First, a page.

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Services honor local veterans

— The graves in the Steamboat Springs Cemetery were decorated with flowers and American flags on Monday.

A large number of children, parents and grandparents paced through the markers, reading the names and paying respect to serviceman and women who have passed on.

At about 11 a.m., the crowd gathered around a flagpole waving the ‘stars and stripes’ under sunny skies.

They came to participate in the annual Memorial Day service held by the local posts of the Veterans of Foreign Wars and American Legion.

VFW and American Legion member Jim Stanko led the majority of the memorial service, reading standard addresses and a standard order for the ceremony.

They were the same words that were being repeated in countless other ceremonies around the United States on Monday.

“Because of them, our lives are free. Because of them, our nation is free,” Stanko said of the soldiers who fought for America’s freedom.

Stanko broke away from protocol to recognize six local veterans who have maintained the Memorial Day service in Steamboat Springs throughout the years.

They included Jim Dorr, Don Lufkin, Louis Kemry, Lloyd Monger and Bill May.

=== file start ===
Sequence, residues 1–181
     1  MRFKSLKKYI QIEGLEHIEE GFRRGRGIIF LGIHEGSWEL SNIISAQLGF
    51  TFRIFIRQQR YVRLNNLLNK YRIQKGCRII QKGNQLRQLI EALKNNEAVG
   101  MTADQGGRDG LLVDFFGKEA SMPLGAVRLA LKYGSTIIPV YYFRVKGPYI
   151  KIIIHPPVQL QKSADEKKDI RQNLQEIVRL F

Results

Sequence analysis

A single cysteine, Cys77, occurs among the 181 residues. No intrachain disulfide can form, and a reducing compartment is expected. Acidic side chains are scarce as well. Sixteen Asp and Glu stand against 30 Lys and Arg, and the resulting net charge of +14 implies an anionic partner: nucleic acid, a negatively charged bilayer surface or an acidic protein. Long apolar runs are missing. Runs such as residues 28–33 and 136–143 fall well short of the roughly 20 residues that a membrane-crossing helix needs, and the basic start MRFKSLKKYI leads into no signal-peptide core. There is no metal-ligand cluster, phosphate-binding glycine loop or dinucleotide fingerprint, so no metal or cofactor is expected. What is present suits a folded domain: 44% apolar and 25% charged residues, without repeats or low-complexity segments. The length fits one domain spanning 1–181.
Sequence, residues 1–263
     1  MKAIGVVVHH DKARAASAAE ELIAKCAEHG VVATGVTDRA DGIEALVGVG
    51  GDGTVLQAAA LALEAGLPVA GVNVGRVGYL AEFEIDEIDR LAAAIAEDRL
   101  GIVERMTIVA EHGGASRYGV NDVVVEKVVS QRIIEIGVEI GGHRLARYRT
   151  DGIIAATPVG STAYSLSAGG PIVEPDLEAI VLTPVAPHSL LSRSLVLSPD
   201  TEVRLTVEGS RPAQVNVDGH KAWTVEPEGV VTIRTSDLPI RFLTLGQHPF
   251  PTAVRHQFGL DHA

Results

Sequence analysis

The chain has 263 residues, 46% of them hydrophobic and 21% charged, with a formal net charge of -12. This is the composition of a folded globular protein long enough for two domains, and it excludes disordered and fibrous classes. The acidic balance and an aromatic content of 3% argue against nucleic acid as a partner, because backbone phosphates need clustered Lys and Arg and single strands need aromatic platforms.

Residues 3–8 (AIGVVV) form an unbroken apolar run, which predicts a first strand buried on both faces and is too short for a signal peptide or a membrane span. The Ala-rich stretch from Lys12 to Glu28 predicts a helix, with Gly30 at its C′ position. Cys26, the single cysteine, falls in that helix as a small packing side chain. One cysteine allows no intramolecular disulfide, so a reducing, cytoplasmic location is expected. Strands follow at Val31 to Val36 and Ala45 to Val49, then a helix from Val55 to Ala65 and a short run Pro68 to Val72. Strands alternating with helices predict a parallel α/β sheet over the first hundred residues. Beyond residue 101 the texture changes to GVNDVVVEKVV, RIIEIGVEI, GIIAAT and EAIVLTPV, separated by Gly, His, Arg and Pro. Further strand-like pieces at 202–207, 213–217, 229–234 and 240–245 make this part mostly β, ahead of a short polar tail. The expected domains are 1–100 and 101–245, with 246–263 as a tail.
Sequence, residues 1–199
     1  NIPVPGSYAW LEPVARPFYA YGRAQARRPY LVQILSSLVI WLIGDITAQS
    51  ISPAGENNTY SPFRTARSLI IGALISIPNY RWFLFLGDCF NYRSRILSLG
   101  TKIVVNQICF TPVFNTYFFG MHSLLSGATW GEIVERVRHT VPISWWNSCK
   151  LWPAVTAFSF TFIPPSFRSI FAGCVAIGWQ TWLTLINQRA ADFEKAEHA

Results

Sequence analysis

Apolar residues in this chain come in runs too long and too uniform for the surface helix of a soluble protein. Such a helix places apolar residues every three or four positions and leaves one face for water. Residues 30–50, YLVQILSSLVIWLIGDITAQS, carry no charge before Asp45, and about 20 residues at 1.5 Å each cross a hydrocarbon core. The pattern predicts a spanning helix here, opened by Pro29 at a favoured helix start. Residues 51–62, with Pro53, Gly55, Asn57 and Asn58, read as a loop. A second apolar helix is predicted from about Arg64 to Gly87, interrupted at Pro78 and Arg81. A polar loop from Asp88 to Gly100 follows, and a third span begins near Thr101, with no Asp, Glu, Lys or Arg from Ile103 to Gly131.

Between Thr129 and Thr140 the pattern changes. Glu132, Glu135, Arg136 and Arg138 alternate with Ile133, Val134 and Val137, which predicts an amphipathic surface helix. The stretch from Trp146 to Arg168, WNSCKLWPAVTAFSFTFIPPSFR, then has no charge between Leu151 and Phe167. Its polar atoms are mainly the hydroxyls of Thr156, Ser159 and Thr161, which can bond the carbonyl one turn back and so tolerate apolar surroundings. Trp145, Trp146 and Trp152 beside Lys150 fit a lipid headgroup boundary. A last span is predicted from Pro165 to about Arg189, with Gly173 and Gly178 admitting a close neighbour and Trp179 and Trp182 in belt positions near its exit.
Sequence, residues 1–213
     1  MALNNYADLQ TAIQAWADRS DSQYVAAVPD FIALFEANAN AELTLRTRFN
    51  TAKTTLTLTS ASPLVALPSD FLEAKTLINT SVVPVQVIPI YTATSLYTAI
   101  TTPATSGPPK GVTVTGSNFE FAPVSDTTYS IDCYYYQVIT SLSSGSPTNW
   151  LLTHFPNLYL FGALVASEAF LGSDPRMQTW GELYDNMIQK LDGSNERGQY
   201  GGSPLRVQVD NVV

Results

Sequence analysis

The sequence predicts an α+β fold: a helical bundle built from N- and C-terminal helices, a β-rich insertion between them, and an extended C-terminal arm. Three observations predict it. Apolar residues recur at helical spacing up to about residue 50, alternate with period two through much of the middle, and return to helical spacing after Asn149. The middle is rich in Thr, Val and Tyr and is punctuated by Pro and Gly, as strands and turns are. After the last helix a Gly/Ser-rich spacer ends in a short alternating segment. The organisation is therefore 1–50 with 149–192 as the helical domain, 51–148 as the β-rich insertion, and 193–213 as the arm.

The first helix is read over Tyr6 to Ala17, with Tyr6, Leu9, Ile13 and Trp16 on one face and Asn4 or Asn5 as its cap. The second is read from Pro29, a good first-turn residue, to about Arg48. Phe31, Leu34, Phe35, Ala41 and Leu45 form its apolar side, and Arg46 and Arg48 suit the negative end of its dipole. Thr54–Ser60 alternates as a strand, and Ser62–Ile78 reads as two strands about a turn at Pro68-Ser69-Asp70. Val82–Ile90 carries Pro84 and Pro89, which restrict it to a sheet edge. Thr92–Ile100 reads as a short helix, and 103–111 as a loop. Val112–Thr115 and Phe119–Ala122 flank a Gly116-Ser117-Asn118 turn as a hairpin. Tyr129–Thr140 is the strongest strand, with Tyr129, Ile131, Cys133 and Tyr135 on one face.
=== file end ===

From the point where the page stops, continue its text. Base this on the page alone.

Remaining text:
“For 50 years they’ve carried on this tradition,” Stanko said.

Preacher Kevin King was asked to speak a few words.

King humbly said finding something to say for such a ceremony is not an easy task when deceased servicemen lay in the hollowed ground.

“I realized I couldn’t make a greater contribution that already has been given,” King said.

King was able to find some words represent the mortal contributions.

They were from the poem “It is the Soldier,” by Charles M. Province.

“It is the soldier, not the reporter, who has given us freedom of the press,” King read.

“It is the soldier, not the poet, who has given us freedom of speech. It is the soldier, not the campus organizer, who has given us freedom to demonstrate.

“It is the soldier, not the lawyer, who has given us the right to a fair trial. Who serves under the flag and whose coffin does the flag drape, who allows the protester to burn the flag.”

The memorial service concluded with the names of local veterans being read, the traditional lowering of the American flag to half-mast, and a rifle salute.

“It was a good turnout,” Stanko said after the ceremony. “If one person came it would be worth it.”

Much of the crowd dispersed back into the rows of gravestones after the service, while others enjoyed the warm air and clear skies while sitting in the grass or walking around cemetery grounds.

Longtime local Eleanore Larson, who goes to the ceremony nearly every year, was walking along the road after the service.

“It was a very touching ceremony,” she said. “I’m very thankful that they (soldiers) have put up that barricade for us and our families.”

She said the sacrifice that servicemen and women is something that shouldn’t be forgotten.

“A lot was given,” she said. “A life is pretty precious.”